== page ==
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Committee chair, Justice Minister Marie-Claude Blais, says the committee wanted people to be able to speak freely. (CBC)

A legislative committee is studying the Official Languages Act away from the glare of the public.

The Select Committee on the Revision of the Official Languages Act, which is made up of Progressive Conservative and Liberal MLAs, has agreed to hold the meetings in secret.

While members of the public can respond to four questions on the legislative assembly’s website, the MLAs are doing their work behind closed doors. No one from the public is allowed to sit in and listen.

None of the Conservative MLAs would talk on Tuesday as to why citizens were barred from the meetings.

"Secret meeting? I'm afraid I can't," said Saint John Harbour MLA Carl Killen.

Justice Minister Marie-Claude Blais, who is the committee's chairperson, said language reforms are always a difficult issue for politicians.

"This is not an easy subject. We all know in past history how this can bring out — people have different positions, there's a spectrum of positions," she said.

Contentious issue

Blais was referring to heated language hearings in 1984 that included an egg being thrown at the committee.

That was 30 years ago and some polls suggest the issue is less contentious today.

But the Opposition Liberals are not in a position to slam the Tories over the committee’s secrecy.

"Bilingualism, or the Official Languages law, is always an emotional issue in New Brunswick," said Liberal MLA Hédard Albert.

'We wanted to make sure that the people who came to the committee felt free to say what they wanted to say.'—Justice Minister Marie-Claude Blais, committee chairperson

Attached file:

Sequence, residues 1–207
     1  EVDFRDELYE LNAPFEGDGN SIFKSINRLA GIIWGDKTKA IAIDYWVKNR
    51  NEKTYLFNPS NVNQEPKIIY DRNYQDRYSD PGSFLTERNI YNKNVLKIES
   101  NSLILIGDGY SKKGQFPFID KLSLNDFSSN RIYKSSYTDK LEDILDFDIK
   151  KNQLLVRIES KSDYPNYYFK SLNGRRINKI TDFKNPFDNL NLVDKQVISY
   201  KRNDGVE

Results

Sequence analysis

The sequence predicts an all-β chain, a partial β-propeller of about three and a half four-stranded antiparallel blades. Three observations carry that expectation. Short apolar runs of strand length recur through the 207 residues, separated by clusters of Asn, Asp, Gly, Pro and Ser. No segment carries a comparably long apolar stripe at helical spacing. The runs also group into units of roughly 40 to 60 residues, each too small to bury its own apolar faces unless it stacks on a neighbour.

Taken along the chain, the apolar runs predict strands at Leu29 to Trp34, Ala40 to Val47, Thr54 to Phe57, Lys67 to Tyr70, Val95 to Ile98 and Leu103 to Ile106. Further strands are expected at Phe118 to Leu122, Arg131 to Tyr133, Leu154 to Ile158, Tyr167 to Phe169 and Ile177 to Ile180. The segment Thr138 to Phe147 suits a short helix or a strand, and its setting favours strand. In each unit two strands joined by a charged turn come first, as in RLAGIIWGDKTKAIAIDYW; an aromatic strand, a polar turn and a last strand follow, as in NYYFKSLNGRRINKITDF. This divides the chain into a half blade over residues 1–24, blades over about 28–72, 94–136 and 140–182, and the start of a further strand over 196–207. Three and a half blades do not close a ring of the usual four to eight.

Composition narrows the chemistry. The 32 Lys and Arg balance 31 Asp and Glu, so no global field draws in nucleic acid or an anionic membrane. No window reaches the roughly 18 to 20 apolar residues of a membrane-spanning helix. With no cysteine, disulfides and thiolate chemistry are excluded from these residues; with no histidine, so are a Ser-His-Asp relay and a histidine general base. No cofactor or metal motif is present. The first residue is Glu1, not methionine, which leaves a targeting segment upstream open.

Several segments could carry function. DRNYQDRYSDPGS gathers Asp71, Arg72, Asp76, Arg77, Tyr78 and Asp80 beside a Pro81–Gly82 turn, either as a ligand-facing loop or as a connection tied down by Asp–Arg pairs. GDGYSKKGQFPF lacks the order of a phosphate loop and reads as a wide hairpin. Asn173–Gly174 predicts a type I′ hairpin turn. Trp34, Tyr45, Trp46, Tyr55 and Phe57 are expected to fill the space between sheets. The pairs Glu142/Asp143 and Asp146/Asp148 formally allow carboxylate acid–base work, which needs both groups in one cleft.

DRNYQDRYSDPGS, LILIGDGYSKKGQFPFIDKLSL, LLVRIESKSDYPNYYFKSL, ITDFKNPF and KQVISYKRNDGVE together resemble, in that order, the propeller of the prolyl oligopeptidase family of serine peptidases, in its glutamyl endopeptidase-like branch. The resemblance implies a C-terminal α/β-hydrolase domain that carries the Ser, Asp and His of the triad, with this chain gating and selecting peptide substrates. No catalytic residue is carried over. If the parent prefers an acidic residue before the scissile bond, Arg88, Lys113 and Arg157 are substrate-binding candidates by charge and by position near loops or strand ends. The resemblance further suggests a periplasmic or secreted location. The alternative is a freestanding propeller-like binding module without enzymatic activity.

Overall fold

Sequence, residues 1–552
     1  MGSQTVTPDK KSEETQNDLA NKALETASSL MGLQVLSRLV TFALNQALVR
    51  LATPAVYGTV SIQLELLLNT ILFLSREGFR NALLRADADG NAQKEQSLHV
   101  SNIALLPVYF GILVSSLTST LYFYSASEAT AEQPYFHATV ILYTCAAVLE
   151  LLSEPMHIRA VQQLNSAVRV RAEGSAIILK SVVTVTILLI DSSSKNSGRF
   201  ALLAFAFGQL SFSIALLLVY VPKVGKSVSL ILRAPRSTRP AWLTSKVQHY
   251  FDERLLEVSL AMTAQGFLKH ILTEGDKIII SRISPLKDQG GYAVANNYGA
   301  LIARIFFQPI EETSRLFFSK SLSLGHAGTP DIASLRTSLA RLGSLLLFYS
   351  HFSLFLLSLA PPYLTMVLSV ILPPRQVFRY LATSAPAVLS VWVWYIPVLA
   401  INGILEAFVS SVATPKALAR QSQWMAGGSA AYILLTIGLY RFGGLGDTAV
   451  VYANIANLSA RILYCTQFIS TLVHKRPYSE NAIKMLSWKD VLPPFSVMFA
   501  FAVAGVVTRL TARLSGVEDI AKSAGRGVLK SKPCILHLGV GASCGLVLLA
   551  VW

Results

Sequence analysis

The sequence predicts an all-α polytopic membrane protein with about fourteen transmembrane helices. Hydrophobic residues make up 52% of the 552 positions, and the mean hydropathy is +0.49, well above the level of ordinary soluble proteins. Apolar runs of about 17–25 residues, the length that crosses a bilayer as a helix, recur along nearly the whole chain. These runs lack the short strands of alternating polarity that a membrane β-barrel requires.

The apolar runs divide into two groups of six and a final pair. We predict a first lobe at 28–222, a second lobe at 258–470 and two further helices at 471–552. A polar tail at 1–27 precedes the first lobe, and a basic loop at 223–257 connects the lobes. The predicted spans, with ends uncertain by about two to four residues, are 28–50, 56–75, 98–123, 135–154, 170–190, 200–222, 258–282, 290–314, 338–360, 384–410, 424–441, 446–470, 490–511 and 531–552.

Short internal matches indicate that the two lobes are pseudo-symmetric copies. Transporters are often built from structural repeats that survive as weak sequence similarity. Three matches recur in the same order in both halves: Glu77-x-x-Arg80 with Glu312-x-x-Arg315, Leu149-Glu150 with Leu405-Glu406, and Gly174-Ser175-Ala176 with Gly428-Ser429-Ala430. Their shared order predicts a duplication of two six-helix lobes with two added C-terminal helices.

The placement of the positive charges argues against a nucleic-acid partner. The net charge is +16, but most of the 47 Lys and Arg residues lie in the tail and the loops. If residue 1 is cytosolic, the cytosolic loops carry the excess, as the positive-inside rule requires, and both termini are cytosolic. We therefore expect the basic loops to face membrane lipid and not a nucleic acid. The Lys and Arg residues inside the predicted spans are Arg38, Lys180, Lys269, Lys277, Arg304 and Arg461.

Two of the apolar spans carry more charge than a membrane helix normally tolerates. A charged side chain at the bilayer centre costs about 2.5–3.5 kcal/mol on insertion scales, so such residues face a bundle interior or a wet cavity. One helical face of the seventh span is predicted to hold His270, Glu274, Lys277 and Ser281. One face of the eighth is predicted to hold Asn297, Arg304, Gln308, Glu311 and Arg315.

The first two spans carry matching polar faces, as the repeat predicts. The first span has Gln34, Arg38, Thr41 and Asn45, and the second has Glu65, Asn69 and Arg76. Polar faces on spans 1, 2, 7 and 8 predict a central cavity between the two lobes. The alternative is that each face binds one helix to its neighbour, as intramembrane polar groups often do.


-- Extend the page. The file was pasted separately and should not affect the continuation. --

Michel Carrier, the province's official languages commissioner, declined to comment, saying it is up to the committee to decide how to run the hearings.

The Official Languages Act, which was passed in 2002, requires a review every 10 years.

Various groups have submitted briefs, come to testify in front of the committee and answered questions from MLAs, none of which the public can see.

"We wanted to make sure that the people who came to the committee felt free to say what they wanted to say," said Blais.

She said the committee doesn't have any problem with the public knowing its position on the issue, or hearing any discussion of the committee's proposals.

Bilingualism skeptic Jim Cougle contends the hearing should be public.

"We are told by Mr. Alward's people that he is unswervingly committed to accountability and transparency," he said. "So this seems the antithesis of that, and we're just not sure why they're doing this."